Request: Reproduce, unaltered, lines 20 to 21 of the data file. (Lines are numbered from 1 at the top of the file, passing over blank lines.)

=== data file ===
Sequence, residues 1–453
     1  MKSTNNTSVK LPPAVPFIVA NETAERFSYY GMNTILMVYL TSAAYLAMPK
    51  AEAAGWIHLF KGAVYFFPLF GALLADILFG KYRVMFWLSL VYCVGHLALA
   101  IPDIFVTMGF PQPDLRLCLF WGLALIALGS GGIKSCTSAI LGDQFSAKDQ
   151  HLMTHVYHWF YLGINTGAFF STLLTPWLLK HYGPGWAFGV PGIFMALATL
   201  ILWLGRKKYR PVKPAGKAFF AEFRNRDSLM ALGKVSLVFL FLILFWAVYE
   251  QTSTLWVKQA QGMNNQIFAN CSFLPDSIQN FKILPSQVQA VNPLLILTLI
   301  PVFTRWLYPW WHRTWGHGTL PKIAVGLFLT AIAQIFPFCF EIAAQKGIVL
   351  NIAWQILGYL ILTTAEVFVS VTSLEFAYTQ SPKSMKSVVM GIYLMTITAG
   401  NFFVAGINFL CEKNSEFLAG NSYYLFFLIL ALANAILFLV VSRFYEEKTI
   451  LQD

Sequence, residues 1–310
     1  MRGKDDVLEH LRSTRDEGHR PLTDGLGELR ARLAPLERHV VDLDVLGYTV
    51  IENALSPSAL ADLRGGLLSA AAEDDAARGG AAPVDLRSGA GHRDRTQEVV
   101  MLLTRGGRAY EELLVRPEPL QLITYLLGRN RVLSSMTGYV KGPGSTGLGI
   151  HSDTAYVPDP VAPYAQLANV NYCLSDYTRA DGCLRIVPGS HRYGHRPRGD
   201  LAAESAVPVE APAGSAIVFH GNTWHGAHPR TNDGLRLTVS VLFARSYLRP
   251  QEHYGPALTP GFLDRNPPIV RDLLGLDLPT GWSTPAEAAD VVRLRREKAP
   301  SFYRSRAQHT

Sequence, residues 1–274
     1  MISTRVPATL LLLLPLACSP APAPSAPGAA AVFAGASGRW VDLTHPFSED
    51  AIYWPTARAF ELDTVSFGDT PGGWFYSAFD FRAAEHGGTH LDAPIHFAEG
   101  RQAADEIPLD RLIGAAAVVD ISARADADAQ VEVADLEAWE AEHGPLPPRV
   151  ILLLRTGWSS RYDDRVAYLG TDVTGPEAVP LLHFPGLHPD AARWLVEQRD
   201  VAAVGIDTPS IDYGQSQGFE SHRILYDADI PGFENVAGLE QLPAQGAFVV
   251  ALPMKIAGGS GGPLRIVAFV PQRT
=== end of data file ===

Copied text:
Sequence, residues 1–274
     1  MISTRVPATL LLLLPLACSP APAPSAPGAA AVFAGASGRW VDLTHPFSED